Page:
Early fall is one of my most favorite times of the year because hunting season is in sight. My only apprehension is that I know my shooting skills have taken a dip from not exercising those skills over the summer.
That summer shooting league I meant to join and those trips to the range I put off suddenly have some urgency to them.
Every time I visit the range I am reminded by how much fun it is just to shoot for recreation. In my opinion, trapshooting, skeet and sporting clays are a much better way to spend money than with golf. I’ve never been much of a golfer anyways, but even the worst day of shooting beats the best day of golf.
Smacking a ball around for a few hours just can’t compete with firing on clay Frisbees flying through the air and exploding into pieces. Besides, away from the gun range I can use those skills while I hunt. Smacking a ball into a hole is hardly a skill outside the golf course.
If you haven’t kept up with your shooting this summer, then this is a great time to find that gun range near your house and get into shape. Bring the shotgun out, buy a case of target load shells, and commit yourself to not hunting until you’ve blown through all of them.
Practicing your shooting is critical for avoiding embarrassing situations like that miss on an “easy” shot. It’s also an essential part of being a true conservationist. It’s a waste of an animal to make a less than lethal shot that can lead to unnecessary suffering. Anti-hunters love inaccurate shooters because they make the sport look bad in the eyes of others.
On a selfish note, being a good shot makes hunting a much more enjoyable experience. Few people feel good lobbing three rounds of steel shot into the lake with nothing to show. At a dollar a shell, on average, those range fees quickly pay for themselves when you pound out a double on three shots.
Not only that, but the impressed applause you receive from the others in your hunting party provides for an added bonus. An inflated sense of self is not to be underrated!
In the past week, I’ve shot two rounds of skeet at the LakeShore Conservation Club near Brainerd and two rounds of five-stand sporting clays at Hunts Point near Pequot Lakes. Total investment of time? Just over an hour. Improvement of confidence for the fall? Tremendous. Cost? For everything from shells to range fees and gas costs, about $100.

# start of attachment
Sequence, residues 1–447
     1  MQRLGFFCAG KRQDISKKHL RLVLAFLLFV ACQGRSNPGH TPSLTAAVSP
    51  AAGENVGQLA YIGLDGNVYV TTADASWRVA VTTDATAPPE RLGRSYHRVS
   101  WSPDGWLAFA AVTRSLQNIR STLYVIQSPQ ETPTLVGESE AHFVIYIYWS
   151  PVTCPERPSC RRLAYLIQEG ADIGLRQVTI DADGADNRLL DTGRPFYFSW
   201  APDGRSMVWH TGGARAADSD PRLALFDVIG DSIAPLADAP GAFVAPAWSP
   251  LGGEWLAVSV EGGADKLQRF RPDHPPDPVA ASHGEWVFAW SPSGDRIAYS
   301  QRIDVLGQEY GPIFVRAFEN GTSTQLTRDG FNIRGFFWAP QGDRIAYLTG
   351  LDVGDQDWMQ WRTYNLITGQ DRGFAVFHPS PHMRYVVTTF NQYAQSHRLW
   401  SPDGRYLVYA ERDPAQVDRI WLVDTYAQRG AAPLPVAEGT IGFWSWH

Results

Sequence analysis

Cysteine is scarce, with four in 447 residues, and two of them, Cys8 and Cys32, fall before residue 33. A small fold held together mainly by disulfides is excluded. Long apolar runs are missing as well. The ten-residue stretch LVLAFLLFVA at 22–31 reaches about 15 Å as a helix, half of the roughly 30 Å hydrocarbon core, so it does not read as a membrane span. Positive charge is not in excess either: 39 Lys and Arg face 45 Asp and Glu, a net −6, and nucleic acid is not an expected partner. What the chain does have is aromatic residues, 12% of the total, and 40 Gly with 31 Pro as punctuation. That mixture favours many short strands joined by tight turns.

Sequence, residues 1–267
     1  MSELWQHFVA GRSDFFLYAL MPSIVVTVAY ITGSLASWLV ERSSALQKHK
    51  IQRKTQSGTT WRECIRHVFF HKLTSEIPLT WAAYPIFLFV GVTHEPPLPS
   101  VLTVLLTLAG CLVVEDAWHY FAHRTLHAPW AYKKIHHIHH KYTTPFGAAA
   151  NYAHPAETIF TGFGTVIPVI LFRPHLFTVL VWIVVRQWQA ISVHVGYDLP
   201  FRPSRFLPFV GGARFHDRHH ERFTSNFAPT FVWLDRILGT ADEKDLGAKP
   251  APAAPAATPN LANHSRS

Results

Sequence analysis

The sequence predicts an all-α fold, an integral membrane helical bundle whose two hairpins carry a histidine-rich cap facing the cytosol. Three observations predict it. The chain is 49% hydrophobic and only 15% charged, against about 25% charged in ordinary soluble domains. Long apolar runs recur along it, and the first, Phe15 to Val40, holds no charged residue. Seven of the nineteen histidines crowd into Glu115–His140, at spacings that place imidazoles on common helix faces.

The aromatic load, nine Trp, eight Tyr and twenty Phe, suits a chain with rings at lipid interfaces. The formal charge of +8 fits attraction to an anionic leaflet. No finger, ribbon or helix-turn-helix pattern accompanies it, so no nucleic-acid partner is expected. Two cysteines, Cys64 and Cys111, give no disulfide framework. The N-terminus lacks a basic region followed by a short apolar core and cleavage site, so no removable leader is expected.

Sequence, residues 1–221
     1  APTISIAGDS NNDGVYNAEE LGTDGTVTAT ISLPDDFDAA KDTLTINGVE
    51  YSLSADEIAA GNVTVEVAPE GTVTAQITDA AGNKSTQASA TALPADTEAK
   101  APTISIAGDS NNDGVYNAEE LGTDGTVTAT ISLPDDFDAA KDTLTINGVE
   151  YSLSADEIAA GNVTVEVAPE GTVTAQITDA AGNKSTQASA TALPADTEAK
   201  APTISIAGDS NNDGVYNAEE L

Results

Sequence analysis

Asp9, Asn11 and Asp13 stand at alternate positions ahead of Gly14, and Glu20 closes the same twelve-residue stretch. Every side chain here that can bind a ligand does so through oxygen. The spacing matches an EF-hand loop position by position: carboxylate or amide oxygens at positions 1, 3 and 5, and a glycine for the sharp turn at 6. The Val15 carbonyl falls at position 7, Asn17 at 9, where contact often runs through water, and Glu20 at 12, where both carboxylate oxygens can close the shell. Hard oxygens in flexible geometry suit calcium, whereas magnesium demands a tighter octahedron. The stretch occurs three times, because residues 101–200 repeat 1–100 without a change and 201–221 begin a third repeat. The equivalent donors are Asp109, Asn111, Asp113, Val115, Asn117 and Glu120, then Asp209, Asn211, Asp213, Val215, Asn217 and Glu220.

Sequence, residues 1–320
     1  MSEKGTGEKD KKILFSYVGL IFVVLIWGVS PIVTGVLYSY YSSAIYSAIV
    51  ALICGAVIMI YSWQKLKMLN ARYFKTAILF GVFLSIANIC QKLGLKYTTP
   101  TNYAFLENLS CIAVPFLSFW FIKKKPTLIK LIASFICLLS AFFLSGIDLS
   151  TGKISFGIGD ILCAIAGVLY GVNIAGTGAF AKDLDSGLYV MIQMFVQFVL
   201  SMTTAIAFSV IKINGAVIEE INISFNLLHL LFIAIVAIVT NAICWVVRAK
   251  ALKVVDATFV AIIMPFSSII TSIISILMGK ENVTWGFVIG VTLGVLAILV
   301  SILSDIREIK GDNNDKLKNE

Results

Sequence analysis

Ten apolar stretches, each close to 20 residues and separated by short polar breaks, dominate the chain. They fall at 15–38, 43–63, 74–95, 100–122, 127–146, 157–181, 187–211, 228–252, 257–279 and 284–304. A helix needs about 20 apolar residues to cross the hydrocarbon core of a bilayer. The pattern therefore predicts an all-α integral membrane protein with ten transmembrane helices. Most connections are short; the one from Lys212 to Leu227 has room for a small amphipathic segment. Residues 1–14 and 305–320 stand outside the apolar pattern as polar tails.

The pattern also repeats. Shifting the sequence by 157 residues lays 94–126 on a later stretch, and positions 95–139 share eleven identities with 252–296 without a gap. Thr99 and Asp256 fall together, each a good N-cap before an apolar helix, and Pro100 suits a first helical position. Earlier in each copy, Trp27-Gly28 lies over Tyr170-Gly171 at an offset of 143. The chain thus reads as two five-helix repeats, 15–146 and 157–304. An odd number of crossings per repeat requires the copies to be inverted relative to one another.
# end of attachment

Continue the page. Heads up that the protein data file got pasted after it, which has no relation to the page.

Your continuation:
My Dad came along with me so that only added to the fun and at the skeet range, my kids hung around near the clubhouse under the watchful eye of their grandmother. A two-year-old and four-year-old are hardly ready to shoot just yet but being around it, seeing it in action and learning gun safety are valuable experiences.
As the calendar hits September, and the opening morning of the early goose season arrives, I’ll definitely be a better shot and have more confidence in my ability to knock down a few feathered cows.
A few more trips to the range are definitely in store. There’s also the need to put a dozen or so rounds through the deer rifle and get the muzzleloader in shape as well. The time it takes is minimal as is the cost, but the payoff and fun are well worth it.
You have art hounds and coon hounds. Fine art hunters and big game hunters.
Seems like an odd combination but it all works out at Game Fair over two weekends every August in Minnesota.
They say that politics makes for strange bedfellows and that seemed to be the case in 2008 when the arts and outdoors were joined together in a Minnesota Constitutional Amendment to raise the state sales tax a small fraction to benefit the two.
Four years later and millions of dollars have been put to good use by both the arts and the outdoors...but that's not what this blog is all about.
I contend that the arts and outdoors are no strangers to each other. The obvious reason is that most outdoors lovers also possess a fair amount of art that reminds them of the outdoors. Paintings, sculptures, photography, pottery, carvings and more are quite commonplace even at the shabbiest of shacks. Taxidermy is not just something dead mounted on a hunk of wood, well some of it is, but the finest taxidermy is definitely a work of art. Snooty art hounds might disagree, but when they realize how much work goes into properly mounting an animal (not to mention how much money is costs), they definitely respect the artistry of a taxidermist.
All of those things converge in one place each year--the Game Fair held this year from August 10-12 and 17-19 at Armstrong Ranch Kennels in Ramsey, MN. In addition to all the exhibits related to hunting, dogs and other outdoor pursuits there is a lot of art. Enough to fill a barn and then some.
No really. The Game Fair Art Barn is a very popular destination that has long been a draw. There's sculpture, paintings and taxidermy all under one roof. The Wildfowl and Decoy Carvers conduct daily demonstrations of their woodcarvings, and there are antler carvings created by Game Fair hostess Loral I Delaney herself.